Crucial EU copyright vote set to take place this week

MEPs are set to vote this week on a long-awaited update of EU copyright laws.
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By Martin Banks

Martin Banks is a senior reporter at the Parliament Magazine

18 Jun 2018

The proposals will be up for a vote in the legal affairs committee on Wednesday.

The draft law has pitched internet giants like Google up against influential press publishers like Axel Springer, with both sides lobbying committee members in an effort to win them over.

The vote has been postponed several times due to what a Parliament spokesperson called “long and tortuous debates” at committee stage.


The spokesperson, speaking at a news briefing in parliament on Monday, said, “This has not been an easy process due to the need to balance the widely different interests at stake.”

He added, “But an update to the legislation is very much needed because the current laws dealing with copyright law date  back to 2001, which may not seem that long ago but is an eternity in the online world.

“We should remember that back then Google was still in its infancy, Google news did not exist and YouTube was still three years down the line.

“It was a very different landscape. Today, we face a completely new world so the copyright rules need to be upgraded. This is especially the case for the smaller artists and small to medium size publishers, many of whom are struggling.

“There is a balance to be struck but it is not an easy one.

“On the one side you have artists and publishers while, on the other hand, you have internet providers who want to be able to continue uploading their videos and sharing news stories.”

He added, “We are now, however, coming to the crunch where a balance between the two competing sides needs to be struck.”

The spokesperson declined to speculate on the likely outcome of the vote on Wednesday, adding, “It is still very much in the balance.”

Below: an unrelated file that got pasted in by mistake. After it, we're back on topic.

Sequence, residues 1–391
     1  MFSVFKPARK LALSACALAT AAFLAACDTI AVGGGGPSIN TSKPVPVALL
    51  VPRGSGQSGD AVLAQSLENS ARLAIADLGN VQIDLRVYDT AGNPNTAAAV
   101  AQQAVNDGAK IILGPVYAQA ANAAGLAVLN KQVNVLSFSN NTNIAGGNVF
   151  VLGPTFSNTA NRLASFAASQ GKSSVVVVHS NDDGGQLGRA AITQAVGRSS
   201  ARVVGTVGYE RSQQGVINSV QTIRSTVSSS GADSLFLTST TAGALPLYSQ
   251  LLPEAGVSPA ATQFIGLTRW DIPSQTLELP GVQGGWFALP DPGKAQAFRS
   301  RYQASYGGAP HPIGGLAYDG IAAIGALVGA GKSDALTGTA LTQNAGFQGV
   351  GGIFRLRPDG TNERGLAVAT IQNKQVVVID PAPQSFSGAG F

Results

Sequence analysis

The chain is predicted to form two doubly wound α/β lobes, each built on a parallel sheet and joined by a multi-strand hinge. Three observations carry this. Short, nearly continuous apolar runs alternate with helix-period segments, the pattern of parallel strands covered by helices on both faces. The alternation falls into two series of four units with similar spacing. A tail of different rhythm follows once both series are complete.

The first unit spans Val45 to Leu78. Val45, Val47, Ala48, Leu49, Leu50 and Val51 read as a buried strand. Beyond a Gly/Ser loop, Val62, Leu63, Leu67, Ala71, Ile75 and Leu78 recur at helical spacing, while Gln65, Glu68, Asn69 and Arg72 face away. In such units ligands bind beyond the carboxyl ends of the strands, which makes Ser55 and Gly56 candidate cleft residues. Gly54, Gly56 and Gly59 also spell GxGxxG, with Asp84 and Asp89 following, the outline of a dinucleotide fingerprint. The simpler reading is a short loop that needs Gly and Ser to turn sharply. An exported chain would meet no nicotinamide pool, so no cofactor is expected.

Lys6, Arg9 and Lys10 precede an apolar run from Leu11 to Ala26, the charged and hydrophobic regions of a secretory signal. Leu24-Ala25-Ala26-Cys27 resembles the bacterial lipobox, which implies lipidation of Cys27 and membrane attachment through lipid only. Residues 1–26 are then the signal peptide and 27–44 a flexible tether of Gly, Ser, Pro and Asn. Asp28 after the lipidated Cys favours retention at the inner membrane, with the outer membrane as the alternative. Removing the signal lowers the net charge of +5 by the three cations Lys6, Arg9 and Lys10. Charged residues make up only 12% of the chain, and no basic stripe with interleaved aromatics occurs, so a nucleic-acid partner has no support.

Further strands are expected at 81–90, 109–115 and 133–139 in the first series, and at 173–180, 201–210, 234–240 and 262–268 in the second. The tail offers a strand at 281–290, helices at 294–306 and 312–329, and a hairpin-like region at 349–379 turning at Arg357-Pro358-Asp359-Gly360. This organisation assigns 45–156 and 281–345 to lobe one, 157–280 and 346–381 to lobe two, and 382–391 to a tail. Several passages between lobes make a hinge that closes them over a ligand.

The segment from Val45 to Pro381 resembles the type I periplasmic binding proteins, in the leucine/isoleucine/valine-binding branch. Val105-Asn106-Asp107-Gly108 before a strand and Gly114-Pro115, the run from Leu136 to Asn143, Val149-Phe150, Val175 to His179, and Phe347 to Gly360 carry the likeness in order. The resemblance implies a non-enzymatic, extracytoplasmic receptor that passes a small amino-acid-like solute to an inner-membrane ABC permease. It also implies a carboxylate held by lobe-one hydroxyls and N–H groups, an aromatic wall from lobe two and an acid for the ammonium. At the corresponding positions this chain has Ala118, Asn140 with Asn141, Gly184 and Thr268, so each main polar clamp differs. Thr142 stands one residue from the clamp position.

Likening the situation to “shifting sand”, he said there were three issues that “remain in the balance” and still need to be addressed.

These are the clauses in the directive relating to breach of copyright, the so-called ‘publishers’ rights’ - or ‘neighbouring right’ - and a third issue about text and data mining.

The European Commission made the initial proposal for a copyright directive two years ago and at its heart were two radical changes that fundamentally change copyright practice in most of Europe.

First, the draft creates a new ancillary right for news publishers, often dubbed ‘the link tax’, and second, it places a new general obligation on internet platforms and websites to pre-monitor user content on their website for copyright infringements.

It is the so-called ‘publishers’ right’ clause in the directive that has arguably proved to be the most controversial element of the draft law

German EPP group member Axel Vos is steering the draft law through Parliament. He supports the ‘publishers’ right’ element in the complex legislation. This clause is also backed by most major media and press publishers. 

However, internet companies like Google, Facebook and Twitter, fiercely oppose it.

The EPP group in Parliament is pushing for the committee to adopt the legislation, including the publishers’ right clause.

Ahead of the vote, more than 100 MEPs - 32 Greens/EFA, 25 ALDE, 18 S&D, 14 GUE, 7 ECR, 6 EFDD and 2 EPP - have sent a letter to Vos.

It says, “While we support efforts to ensure a level playing field between online platforms and businesses through the enforcement of competition and consumer rules, we believe that the introduction of a new European neighbouring right will have an injurious effect on citizens’ access to quality news and information.”

On Monday, an EPP group spokesperson said the draft “seeks a balance between the right holders and artists and internet users on the other side.”

The spokesperson added, “The aim of the directive is to adapt copyright rules to the new realities of the 21st century. The EPP group is of the opinion that platforms who develop their commercial activities on uploaded creative content need to fairly remunerate the creators.

“In this respect, quality journalism in Europe is also to be maintained by protecting the legal certainty of the publishers against some news aggregators that use the content of press publications without contributing to sustaining the investments in their creation.”

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